Our study of the effects of the cargo on transport has a number of ‘take-home’ messages. The first is that, at both the single-motor and multiple-motor levels, the presence of the cargo can significantly alter the effective ‘on’ rate/probability of successful binding of the motor(s) to the filament, because the center of mass of the cargo diffuses away from the microtubule relatively slowly, and while this is occurring, its rotational diffusion frequently brings the motor close enough to the microtubule to allow attachment. Thus, the cargo ‘helps’ the motor to attach, though the degree of assistance depends on cargo size and viscosity of the medium surrounding the cargo. Rapidly diffusing cargos might not linger long in the vicinity of a microtubule, but in a cell where there are multiple filaments available, these cargos could quickly find and bind to a filament.
Second, in order to for a motor to attach to the filament in a reasonable amount of time, the motor length needs to be longer or comparable to the radius of the cargo which may explain why motors are 60 to 110 nm in length.
Third, if motors are randomly arranged on the cargo's surface, the relationship between the number of motors present and the number of actually engaged motors depends strongly on the cargo size, so that different simple models of regulating cargo motion by recruiting motors to the cargo surface (either by a specified change in total number of motors, or by a specified change in local motor surface density) will have different effects on overall cargo motion as a function of cargo size. Thus, in order to have regulation affect a set of cargos equally, independent in variations in cargo size, it is best to have motors clustered in a small region on the cargo.
A further finding also supports the utility of motor clustering: for large cargos, if motors are randomly placed, achieving a reasonable number of engaged motors (n
3–6) would require a large number of motors (50–100) to be present on the cargo, which appears inconsistent with biochemical characterizations of cargo-bound microtubule motors 
, though it is consistent with biochemical characterizations of cargo-bound myosin motors 
which are likely randomly arranged on cargos 
. Overall, our findings suggest that, in vivo
, microtubule motors are likely organized into clusters when present on large cargos, but that such clustering is unnecessary for small cargos.
In addition, a reasonable number of engaged motors would be required for long travel distances of several microns but not for short run lengths. Since microtubules can be tens of microns long compared to actin filaments which have a typical decay length of 1.6 microns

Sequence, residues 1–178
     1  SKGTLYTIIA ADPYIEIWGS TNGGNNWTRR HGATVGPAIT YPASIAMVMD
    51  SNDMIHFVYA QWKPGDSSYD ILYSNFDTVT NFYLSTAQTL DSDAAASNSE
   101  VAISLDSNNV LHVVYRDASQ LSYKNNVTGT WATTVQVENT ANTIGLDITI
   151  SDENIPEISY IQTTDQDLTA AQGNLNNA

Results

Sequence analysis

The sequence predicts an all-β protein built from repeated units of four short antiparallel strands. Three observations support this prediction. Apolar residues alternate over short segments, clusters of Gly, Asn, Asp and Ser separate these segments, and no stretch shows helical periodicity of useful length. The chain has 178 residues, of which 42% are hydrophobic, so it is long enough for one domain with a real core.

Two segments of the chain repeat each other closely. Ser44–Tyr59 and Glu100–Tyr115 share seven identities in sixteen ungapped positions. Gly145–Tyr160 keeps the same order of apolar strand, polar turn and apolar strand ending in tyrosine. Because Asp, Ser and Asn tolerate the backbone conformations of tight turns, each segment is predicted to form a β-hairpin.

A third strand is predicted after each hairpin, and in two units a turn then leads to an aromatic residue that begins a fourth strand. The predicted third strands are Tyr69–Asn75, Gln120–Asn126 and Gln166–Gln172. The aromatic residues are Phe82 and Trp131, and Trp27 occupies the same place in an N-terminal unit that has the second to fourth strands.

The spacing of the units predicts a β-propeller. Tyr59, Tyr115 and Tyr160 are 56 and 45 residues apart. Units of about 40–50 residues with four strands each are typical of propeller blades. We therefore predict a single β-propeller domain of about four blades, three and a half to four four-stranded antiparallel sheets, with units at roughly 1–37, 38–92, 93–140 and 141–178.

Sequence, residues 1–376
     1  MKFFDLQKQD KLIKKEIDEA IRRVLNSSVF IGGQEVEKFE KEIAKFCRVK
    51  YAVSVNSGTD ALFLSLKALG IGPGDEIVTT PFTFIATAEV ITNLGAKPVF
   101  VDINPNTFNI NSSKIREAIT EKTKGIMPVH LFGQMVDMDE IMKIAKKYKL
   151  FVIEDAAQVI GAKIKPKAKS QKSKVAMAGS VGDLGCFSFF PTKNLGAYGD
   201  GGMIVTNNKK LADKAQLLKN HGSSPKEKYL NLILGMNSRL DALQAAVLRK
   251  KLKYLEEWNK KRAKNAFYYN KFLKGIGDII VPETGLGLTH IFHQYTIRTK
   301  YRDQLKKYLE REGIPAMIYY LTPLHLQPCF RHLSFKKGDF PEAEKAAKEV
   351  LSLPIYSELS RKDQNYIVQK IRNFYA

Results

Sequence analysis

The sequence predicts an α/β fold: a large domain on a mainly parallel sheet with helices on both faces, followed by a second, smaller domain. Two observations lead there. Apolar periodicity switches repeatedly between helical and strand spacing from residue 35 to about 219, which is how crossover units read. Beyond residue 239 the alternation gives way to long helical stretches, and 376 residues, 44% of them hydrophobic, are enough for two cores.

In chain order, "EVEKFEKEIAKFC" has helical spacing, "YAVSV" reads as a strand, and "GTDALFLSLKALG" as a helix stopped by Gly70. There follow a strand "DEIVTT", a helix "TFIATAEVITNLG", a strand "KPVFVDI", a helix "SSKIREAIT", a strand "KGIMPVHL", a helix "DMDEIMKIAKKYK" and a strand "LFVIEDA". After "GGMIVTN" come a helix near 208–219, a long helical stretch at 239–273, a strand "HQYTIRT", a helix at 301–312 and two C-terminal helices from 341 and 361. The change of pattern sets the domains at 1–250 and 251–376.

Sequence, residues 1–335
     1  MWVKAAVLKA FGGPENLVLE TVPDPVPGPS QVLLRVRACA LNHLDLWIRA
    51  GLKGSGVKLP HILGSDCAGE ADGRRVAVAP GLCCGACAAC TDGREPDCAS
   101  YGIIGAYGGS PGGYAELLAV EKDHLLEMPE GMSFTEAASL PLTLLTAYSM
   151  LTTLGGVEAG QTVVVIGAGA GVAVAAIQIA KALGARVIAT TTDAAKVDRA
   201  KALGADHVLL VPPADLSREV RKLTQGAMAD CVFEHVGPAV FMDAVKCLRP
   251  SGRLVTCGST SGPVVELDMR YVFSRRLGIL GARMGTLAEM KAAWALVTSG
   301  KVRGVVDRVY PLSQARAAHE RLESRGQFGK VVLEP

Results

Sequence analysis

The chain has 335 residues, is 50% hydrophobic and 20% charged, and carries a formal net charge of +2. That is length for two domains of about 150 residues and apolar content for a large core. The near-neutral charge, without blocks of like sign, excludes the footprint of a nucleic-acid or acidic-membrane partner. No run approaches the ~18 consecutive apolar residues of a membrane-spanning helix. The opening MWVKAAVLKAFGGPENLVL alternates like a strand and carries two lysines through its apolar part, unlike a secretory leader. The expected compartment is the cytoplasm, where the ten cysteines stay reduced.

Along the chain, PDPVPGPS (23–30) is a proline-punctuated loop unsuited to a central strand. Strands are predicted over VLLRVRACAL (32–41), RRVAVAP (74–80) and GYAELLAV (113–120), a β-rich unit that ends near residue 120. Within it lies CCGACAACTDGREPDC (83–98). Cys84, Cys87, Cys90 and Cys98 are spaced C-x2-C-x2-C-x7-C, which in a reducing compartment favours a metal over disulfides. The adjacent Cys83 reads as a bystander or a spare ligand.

, we expect long travel distances along microtubules but relatively short run lengths along actin filaments. Thus we predict the microtubule motors kinesin and dynein to be clustered on cargos while we expect the actin motor myosin V to bind randomly to cargos. There is clear experimental evidence for the random arrangement of myosin on cargos in vivo
, and weak experimental evidence for the clustering of kinesin and cytoplasmic dynein 
For the purposes of this paper, we have assumed that the points where motors are attached to the cargos are fixed on the cargo's surface. This is true in some cases, e.g., when motors bind to dynactin which in turn binds to spectrin which is a filament that coats some vesicles 
. However, in other cases, the attachment points can diffuse through the fluid membrane of the vesicle and cluster at one location. An example of this is an experiment showing that motors dynamically accumulate at the tip of membrane tubes growing out of a vesicle as a consequence of the fluidity of the membrane 
Clustering does not seem to affect the rate at which the first motor of a cargo attaches to a microtubule unless the cargo is large (greater than 200 nm) and the viscosity is high. Motor proteins are sufficiently long (greater than 50 nm) and rotational diffusion sufficiently rapid that the number of motors on a cargo does not significantly affect the rate at which the cargo binds to the microtubule.